One of the benefits of the empty nest is that when you clean a room, other than the kitchen, it stays that way for days or even weeks except for the dust that settles there.  For you young moms with little ones, that fact sounds like nothing more than a fairy tale and for you moms of tweens and teens it sounds as unlikely as understanding quantum physics!

But I can assure you it will happen some day.  For the most part I enjoy this new sense of order in my house, having battled and lost the war of teaching my kids to keep their rooms clean.  I enjoy walking by their now-empty bedrooms and seeing beds made, pillows neatly plumped, and floors inviting safe passage.

Today, however, my daughter’s room is rather messy and I’m leaving it like that for a while. My youngest and only unmarried daughter came home for Easter weekend and her room came alive again. I enjoyed the sound of her old and very loud ceiling fan, her stereo playing some CDs from high school, and her footsteps echoing on her bedroom floor above the kitchen.  She left her bed unmade every day and I loved it. She deposited her towel over the stair railing and I left it. She covered her floor with the contents of her suitcase and it was a lovely sight. Her room was alive again with her presence.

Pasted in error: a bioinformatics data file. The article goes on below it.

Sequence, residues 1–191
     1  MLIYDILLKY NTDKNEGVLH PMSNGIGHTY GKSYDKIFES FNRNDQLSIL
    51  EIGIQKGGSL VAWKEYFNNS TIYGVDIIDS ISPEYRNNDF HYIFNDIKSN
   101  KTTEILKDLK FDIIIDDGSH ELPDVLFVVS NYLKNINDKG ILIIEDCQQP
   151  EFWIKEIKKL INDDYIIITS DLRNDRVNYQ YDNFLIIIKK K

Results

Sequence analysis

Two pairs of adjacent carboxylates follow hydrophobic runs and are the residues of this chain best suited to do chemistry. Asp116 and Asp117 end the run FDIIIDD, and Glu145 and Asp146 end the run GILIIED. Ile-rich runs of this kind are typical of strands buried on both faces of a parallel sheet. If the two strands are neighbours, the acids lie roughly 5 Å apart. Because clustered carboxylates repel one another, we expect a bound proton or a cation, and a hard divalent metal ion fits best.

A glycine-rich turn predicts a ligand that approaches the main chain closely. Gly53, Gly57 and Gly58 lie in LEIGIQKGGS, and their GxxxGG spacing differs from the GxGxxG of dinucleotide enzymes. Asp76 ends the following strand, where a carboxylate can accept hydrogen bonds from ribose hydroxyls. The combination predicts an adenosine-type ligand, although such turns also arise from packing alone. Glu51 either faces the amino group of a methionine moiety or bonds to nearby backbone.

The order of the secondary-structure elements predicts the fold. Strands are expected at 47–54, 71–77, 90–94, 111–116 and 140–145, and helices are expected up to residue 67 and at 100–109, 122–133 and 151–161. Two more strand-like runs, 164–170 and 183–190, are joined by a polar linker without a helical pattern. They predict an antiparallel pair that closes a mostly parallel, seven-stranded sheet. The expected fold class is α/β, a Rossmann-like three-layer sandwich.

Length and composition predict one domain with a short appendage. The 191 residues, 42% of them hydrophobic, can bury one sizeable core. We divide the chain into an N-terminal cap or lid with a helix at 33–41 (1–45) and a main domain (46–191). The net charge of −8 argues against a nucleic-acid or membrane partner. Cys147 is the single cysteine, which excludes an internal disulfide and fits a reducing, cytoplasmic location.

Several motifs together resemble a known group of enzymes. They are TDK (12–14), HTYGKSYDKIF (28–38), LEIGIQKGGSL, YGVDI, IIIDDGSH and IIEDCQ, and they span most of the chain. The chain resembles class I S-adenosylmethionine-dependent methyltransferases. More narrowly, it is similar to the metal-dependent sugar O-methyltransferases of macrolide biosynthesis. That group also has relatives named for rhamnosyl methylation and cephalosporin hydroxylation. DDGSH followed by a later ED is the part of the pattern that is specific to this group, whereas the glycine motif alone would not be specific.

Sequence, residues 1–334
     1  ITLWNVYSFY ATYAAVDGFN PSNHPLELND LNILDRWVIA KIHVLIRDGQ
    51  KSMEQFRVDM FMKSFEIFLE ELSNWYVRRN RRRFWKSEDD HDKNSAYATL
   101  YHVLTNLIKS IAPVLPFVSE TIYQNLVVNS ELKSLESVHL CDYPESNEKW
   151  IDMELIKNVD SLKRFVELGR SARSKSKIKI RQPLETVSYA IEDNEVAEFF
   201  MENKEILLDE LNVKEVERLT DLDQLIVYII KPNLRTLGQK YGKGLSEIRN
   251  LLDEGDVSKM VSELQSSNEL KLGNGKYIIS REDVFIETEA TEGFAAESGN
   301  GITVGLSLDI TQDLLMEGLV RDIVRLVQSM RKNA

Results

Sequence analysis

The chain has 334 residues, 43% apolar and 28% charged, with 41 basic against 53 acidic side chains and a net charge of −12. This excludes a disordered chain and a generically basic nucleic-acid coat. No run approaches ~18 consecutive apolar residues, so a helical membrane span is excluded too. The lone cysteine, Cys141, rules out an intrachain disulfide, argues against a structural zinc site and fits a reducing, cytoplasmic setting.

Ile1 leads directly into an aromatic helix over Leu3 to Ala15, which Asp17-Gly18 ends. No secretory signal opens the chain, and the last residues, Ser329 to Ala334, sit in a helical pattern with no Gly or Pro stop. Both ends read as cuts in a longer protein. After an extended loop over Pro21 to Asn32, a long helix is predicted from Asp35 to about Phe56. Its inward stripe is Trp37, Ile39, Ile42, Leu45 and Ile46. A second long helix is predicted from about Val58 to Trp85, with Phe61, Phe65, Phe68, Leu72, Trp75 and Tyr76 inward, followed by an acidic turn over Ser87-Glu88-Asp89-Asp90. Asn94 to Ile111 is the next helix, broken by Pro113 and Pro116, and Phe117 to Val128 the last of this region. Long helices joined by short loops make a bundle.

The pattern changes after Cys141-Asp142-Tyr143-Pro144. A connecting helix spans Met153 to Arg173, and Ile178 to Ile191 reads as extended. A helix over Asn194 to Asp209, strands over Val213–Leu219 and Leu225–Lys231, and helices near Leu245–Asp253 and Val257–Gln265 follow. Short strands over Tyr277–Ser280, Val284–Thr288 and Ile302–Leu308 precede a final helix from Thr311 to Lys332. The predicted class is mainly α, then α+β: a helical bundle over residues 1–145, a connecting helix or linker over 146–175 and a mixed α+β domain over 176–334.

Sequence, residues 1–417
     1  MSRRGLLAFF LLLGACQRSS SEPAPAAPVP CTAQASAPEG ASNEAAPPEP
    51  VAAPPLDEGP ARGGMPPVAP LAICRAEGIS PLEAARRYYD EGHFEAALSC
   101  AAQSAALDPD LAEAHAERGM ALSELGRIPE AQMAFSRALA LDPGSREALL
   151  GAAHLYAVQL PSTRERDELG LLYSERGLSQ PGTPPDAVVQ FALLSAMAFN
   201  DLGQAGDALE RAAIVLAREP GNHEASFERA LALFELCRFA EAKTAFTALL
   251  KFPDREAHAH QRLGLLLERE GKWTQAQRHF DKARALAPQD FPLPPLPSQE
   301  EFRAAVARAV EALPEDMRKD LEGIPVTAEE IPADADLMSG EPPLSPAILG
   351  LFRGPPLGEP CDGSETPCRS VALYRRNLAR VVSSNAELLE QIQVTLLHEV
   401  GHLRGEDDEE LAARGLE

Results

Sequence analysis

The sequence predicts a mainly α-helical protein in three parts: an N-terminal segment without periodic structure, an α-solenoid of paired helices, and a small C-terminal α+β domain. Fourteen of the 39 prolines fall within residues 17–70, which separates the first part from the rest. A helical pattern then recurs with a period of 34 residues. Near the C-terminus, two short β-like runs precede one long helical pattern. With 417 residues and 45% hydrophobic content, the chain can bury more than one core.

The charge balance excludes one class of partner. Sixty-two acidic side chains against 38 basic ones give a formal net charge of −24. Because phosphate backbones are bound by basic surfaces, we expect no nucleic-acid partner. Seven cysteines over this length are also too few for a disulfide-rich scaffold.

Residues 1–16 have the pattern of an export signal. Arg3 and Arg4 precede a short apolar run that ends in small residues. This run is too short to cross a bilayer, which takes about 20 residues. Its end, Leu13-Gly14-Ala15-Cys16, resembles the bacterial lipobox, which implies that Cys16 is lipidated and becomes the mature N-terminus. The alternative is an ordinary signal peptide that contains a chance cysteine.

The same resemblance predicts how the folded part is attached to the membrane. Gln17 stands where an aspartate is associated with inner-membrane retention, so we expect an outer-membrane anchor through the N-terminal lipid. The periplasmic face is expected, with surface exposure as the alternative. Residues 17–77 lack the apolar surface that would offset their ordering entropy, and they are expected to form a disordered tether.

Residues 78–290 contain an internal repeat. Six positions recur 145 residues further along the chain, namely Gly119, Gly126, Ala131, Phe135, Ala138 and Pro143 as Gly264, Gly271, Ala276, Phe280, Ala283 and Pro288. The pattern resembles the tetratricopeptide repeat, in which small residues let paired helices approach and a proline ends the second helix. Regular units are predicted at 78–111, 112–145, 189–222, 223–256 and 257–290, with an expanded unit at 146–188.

During her stay, she messed up the kitchen making her famous pound cakes, left her flip flops in front of the couch, and found various surfaces for her laptop and books and purse.  We cleaned the screened porch from all the spring pollen and invited over several of her high school and college friends for desert and coffee.  Dennis and I sat in the living room and listened with delight to the familiar sounds of girls giggling and laughing. Our whole house was touched by her presence.

When she left for the airport after three terribly short days, she apologized for not cleaning her room up more.  I said I didn’t care and I meant it. I wonder if it ever occured to her that I’m the same mother who used to ask her to pick up her stuff all the time.  Now I’m wanting her things in sight, her fan and light left on, hoping she’ll return soon and breathe life back into this house.

Knowing what’s ahead when you are still raising a house full of kids who could care less about their rooms gives a mom a moment’s pause to remember to enjoy the presence of her kids, but then some crisis or argument breaks out and the savoring is gone, replaced by the urgent challenge at hand. But perhaps understanding what we empty nest moms feel from time to time will help younger moms better appreciate the situation their own mothers face in their empty nest years.  Or it might help with a mother-in-law  who seems to call too often.  Maybe these moms are like me, just missing their kids.